Nominet, the non-profit body that oversees UK domain naming, recently auctioned off its remaining one- and two-letter domain names, such as x.co.uk and pr.co.uk. It's said to have raised £3 million for charity. However, many of the auctions were won by domain-squatting speculators.
- On the one hand, well done, Nominet, for raising money for "internet access, safety and education."
- On The Other Hand, it would appear that Nominet did a lousy job of raising interest in the auction, as even the most valuable domains went for low prices.
Plus, today's skateboarding duck: How many things are wrong with this Photoshop disaster?..
Tim Bradshaw reports, in the pink'un:
Twelve single-letter domains...fetched an average of £39,000 each. ... Including two-letter domains, 2,831 [domains] were sold, raising £3m for the Nominet Trust...[a] charity promoting internet access, safety and education.
Notable buyers include Facebook, which bought fb.co.uk...and Mercedes-Benz purchasing mb.co.uk. ... Google was outbid for the rights to g.co.uk by...a company which...resells domain names. ... [It was] one of more than 170 domains the company acquired for a total investment of almost £500,000.
“The revenue raised was at the top end of our expectations,” said...Nominet.
Kevin Murphy's not bitter:
Google...was outbid on g.co.uk. ... The buyer was ANY-Web, a well-known domain speculator. It also bought o.co.uk for £65,000. ... Speculators find one-letter and two-letter domains attractive because of their potential resale value.
In a previous phase of the...allocation process, companies including Yahoo! and B&Q exercised their trademark rights [to] domains such as y.co.uk and bq.co.uk.
But Paul Sawers is no fan of domain squatters:
[There was] speculation that some of the domains...could be bought by cybersquatters or domain resellers, and news that one investor bought 170 domain names for £500,000...certainly suggests that this is the case.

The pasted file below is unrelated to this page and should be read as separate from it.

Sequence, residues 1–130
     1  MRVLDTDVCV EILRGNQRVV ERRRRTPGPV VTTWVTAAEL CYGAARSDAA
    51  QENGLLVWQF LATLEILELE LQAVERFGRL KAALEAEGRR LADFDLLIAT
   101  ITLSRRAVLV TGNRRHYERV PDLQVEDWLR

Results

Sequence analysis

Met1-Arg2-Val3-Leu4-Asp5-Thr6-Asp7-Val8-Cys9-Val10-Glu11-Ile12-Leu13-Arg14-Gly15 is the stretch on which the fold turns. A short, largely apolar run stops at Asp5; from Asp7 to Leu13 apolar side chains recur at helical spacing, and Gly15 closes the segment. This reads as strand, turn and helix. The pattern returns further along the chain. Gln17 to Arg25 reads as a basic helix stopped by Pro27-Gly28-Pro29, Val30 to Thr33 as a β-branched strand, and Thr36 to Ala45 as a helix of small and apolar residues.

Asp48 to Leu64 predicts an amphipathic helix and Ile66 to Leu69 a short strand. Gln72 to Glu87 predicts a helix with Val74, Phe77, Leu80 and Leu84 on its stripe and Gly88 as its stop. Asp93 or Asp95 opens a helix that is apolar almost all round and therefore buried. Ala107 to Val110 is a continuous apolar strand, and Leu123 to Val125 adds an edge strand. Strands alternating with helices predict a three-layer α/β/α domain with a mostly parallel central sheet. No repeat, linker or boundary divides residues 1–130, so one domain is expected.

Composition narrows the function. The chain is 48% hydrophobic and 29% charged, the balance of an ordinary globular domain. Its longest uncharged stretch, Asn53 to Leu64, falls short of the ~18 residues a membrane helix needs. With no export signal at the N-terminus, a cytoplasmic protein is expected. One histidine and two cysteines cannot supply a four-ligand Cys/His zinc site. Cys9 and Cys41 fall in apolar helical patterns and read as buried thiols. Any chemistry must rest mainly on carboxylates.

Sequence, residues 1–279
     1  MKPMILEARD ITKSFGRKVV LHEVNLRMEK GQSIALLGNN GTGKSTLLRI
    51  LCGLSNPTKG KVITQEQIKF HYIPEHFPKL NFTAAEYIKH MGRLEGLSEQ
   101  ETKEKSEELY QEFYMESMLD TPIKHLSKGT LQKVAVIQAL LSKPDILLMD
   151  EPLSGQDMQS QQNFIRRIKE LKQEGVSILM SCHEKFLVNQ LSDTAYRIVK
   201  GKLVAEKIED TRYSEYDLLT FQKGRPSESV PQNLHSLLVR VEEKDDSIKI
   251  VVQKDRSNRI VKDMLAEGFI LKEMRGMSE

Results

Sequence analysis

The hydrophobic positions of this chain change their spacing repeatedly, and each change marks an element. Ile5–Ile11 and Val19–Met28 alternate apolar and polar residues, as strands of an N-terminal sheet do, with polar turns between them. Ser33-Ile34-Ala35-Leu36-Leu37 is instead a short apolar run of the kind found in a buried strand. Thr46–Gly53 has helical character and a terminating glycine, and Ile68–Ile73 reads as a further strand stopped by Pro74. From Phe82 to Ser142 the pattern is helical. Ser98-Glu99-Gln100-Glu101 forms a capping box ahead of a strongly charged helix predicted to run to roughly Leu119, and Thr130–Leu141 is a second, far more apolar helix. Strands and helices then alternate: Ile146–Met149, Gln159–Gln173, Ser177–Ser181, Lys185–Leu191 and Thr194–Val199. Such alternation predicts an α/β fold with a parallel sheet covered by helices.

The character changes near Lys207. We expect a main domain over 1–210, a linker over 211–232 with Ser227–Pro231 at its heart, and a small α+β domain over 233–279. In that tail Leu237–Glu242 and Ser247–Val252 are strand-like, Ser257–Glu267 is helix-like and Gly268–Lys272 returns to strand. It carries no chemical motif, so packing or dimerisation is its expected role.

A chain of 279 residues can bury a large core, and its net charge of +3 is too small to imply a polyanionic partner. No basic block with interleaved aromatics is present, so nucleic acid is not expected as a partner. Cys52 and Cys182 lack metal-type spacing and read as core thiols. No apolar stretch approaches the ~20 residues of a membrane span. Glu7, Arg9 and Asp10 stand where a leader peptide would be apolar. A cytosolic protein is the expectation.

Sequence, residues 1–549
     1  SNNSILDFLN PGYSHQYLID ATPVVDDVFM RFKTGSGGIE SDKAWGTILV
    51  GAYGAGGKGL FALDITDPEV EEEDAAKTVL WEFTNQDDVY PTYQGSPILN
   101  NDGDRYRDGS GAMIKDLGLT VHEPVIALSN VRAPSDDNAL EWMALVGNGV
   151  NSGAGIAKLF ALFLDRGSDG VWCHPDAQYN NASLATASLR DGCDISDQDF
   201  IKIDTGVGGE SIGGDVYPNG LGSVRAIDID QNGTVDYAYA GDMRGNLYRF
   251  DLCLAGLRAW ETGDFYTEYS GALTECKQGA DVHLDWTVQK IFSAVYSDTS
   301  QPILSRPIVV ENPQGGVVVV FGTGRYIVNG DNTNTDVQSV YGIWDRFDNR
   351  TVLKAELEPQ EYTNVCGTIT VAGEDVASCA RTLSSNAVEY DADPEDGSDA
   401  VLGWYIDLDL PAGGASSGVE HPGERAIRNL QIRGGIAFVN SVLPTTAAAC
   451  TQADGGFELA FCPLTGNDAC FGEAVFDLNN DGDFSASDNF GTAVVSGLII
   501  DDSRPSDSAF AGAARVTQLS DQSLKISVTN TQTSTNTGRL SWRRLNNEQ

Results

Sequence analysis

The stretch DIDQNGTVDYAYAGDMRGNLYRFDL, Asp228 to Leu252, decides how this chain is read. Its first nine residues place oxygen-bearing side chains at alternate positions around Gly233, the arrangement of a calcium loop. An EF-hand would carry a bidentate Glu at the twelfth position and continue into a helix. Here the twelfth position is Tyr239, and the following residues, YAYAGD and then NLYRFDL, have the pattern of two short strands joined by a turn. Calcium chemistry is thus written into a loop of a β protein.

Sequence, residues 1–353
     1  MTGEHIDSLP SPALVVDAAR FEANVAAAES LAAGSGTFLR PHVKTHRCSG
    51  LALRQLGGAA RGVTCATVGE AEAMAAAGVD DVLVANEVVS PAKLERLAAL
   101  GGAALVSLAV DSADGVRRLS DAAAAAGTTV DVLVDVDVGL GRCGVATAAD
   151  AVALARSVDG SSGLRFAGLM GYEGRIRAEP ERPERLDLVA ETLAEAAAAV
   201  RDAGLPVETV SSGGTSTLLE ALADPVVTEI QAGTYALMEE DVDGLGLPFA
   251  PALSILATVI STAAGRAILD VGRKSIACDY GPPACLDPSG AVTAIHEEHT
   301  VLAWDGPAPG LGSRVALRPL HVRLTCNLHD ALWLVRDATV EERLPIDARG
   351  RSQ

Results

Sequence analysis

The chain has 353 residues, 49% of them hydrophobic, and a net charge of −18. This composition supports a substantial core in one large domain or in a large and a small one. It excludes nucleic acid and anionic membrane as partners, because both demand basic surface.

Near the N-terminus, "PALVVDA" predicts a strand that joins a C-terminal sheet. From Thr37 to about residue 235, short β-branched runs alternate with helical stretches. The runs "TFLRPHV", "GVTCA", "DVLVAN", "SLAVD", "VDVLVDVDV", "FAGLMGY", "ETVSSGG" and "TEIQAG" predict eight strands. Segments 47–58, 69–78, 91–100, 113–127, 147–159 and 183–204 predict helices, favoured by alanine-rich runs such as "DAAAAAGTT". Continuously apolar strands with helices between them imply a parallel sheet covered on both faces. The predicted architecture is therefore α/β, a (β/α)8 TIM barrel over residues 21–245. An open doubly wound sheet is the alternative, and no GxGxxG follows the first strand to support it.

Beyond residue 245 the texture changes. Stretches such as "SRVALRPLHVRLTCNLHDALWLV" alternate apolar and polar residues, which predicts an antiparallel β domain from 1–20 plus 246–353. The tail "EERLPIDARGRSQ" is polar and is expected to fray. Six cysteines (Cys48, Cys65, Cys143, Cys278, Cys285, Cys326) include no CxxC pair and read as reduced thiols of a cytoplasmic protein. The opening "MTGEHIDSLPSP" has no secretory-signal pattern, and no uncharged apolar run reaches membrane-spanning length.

And Kate O'Flaherty notes resale activity already:
Some people are still looking to make a buck from their purchases. ... Many of the [domains]...have already been sold on, with x.co.uk having changed hands three times in the past week.
Meanwhile, Ty Hancocks tries to be exact:
As many predicted, domainers pretty much swept the board, and end users didn’t really get much of a look in. ... [T]he biggest winners...
g.co.uk ANY-Web Limited £76000
o.co.uk ANY-Web Limited £65000
pr.co.uk Domain Developers Fund £55000
w.co.uk ANY-Web Limited £43000
p.co.uk ANY-Web Limited £40000.
But Michael H. Berkens thinks those prices are cheap as chips:
Interesting that Google would spend reported 7 figures for g.co but wouldn’t spend 6 figures for...g.co.uk.
$60k on average is not a bad price for a single character .co.uk, compared to the...price of a single letter .co which is said to be $1.5M.
Today's Skateboarding Duck...
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Richi Jennings is an independent analyst/consultant, specializing in blogging, email, and security. His writing has previously won American Society of Business Publication Editors and Jesse H. Neal awards. A cross-functional IT geek since 1985, you can also read Richi's full profile and disclosure of his industry affiliations.